The great hound of Valinor, Huan, had many talents outside what is typical of hounds, one of which is speech. However, Huan was not allowed to just speak freely but instead was only able to speak thrice before he died.
... and Huan understood all that was said. For he comprehended the speech of all things with voice; but it was permitted to him thrice only ere his death to speak with words.
The Silmarillion, Of Beren and Lúthien
As far as I can tell, there is no explanation for this limitation on Huan's ability to speak.
My understanding is that in Tolkien's mythology magical ability and power tends to diminish incrementally over time and after use until the once powerful beings are simply no longer as powerful as they were in the past and can no longer do the same awesome acts (be it creating mountains, taking a physical form, building giant and impenetrable towers, etc.). To me, the fact that Huan is given a finite number of times to perform this magical activity is out-of-place in Tolkien's mythology.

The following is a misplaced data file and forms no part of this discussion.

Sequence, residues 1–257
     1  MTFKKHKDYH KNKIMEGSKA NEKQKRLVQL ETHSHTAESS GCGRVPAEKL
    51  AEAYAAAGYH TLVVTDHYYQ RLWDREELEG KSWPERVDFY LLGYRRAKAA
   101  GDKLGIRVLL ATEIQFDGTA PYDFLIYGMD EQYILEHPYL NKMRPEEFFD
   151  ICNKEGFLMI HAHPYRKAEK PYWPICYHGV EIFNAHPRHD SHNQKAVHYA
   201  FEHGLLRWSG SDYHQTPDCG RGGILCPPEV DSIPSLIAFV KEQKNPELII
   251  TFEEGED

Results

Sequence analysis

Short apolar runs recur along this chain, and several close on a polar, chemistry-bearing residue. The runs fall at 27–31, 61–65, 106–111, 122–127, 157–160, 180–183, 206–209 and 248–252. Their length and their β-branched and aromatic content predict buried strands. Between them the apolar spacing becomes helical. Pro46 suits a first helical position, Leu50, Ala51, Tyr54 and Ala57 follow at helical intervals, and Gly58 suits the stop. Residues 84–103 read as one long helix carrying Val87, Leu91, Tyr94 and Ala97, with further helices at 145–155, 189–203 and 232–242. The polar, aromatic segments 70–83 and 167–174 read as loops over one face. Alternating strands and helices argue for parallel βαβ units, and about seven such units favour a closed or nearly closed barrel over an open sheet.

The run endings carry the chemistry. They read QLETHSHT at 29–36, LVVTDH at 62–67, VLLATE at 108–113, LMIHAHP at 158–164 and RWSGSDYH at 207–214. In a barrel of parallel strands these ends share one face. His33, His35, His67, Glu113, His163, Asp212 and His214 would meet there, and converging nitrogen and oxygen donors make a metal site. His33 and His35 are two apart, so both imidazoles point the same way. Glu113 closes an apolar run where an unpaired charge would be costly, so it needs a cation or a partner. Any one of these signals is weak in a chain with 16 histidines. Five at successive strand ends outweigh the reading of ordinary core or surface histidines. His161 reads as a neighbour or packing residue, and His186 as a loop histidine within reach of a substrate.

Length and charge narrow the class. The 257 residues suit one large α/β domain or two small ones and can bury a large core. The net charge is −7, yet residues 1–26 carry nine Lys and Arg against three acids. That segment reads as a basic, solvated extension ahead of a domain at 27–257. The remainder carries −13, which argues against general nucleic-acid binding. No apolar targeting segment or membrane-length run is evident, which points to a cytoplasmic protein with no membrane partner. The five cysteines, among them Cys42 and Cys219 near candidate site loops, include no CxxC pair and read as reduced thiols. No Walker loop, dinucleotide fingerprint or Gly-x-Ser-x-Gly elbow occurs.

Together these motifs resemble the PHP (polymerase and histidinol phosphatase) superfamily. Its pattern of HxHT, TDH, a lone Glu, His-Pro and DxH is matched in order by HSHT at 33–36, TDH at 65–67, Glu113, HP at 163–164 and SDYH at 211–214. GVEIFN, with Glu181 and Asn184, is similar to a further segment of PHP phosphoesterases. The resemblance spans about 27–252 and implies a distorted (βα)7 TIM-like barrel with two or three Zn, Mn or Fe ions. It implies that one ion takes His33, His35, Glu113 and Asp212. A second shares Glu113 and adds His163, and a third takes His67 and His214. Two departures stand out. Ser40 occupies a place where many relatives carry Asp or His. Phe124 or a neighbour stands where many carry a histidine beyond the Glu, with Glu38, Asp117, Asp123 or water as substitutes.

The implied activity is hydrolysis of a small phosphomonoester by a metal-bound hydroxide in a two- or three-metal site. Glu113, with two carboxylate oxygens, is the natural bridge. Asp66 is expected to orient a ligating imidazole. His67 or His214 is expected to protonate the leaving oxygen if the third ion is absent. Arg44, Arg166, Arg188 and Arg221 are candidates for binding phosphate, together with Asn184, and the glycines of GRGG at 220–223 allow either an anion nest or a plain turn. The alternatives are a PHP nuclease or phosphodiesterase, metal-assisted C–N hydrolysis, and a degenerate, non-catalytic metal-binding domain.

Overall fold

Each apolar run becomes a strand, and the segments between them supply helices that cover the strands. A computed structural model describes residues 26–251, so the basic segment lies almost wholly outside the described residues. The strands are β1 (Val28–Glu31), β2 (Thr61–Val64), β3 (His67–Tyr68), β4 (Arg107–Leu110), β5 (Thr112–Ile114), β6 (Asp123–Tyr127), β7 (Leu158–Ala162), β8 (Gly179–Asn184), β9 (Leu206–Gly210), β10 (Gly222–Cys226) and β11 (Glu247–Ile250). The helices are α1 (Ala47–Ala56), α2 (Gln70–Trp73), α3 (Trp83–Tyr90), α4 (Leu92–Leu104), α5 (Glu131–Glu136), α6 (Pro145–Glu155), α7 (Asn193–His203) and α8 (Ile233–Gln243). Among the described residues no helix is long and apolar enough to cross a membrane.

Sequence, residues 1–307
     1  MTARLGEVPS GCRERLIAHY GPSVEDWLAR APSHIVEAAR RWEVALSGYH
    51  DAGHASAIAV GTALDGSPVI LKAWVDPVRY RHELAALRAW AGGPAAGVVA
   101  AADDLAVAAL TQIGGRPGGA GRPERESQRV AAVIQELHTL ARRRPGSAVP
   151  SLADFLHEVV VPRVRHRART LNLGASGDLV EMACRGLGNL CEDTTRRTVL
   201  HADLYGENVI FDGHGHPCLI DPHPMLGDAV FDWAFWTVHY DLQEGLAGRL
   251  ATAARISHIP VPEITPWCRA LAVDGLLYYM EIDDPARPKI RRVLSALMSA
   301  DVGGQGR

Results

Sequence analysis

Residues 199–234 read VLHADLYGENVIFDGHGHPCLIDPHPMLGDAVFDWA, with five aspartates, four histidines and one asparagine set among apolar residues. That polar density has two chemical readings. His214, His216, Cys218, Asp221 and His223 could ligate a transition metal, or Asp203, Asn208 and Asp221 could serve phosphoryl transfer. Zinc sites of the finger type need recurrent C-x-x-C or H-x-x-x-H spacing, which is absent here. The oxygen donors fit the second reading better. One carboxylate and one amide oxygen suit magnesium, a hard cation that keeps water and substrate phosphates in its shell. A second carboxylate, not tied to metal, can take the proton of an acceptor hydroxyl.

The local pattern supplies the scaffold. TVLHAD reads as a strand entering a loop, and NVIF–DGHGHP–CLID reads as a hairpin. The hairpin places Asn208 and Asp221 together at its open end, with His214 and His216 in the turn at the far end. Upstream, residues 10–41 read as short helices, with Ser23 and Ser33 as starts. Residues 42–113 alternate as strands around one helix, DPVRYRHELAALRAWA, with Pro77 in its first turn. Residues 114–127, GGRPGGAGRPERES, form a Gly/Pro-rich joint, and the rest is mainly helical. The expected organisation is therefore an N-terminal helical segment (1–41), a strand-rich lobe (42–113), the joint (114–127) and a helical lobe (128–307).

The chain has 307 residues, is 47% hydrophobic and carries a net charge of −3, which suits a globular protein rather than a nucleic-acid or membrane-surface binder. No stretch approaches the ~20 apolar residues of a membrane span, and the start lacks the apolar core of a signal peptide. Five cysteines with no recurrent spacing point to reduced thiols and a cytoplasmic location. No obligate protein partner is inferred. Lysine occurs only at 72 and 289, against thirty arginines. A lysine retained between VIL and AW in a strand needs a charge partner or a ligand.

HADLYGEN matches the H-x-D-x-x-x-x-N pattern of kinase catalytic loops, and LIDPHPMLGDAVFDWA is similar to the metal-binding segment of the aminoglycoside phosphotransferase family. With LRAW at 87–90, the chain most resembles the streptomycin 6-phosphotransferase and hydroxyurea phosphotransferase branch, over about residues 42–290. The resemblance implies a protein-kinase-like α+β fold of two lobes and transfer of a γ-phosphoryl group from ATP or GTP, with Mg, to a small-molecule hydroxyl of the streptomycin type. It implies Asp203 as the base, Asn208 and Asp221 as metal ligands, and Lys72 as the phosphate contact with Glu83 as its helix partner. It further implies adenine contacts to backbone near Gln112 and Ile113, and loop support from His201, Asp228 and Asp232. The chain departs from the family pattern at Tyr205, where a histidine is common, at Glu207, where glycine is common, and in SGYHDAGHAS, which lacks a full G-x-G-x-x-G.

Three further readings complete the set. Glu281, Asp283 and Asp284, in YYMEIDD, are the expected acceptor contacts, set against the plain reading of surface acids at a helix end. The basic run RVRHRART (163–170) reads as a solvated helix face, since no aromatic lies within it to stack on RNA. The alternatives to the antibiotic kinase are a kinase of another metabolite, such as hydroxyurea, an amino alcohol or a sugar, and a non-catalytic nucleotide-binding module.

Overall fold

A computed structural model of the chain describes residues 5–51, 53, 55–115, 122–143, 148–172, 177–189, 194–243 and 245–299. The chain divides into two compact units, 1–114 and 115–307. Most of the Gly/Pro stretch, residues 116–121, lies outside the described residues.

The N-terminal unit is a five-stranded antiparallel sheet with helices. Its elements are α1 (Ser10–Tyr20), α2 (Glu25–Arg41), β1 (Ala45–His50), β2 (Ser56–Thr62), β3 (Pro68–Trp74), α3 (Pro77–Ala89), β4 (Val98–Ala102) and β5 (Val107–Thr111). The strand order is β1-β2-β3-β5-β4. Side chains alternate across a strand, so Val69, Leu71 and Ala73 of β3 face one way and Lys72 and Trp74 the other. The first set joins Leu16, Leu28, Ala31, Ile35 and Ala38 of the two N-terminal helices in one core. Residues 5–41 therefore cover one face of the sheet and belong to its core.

- Is my reading correct that the Valar (or Eru) gave Huan the ability to only speak no more than three times? If so, why? I would be particularly interested in an out-of-universe reason as to why Tolkien chose to make this (as far as I can tell) unusual choice of giving Huan a specific number of occasions to speak, though an in-universe would be interesting as well.
- Or, am I reading this incorrectly and this was actually intended to be a prophesy (or doom) wherein when Huan speaks for the third time his death will soon follow (e.g. Huan was technically able to speak as much as he wanted but a prophesy indicated once he got to three he would have no more opportunity)?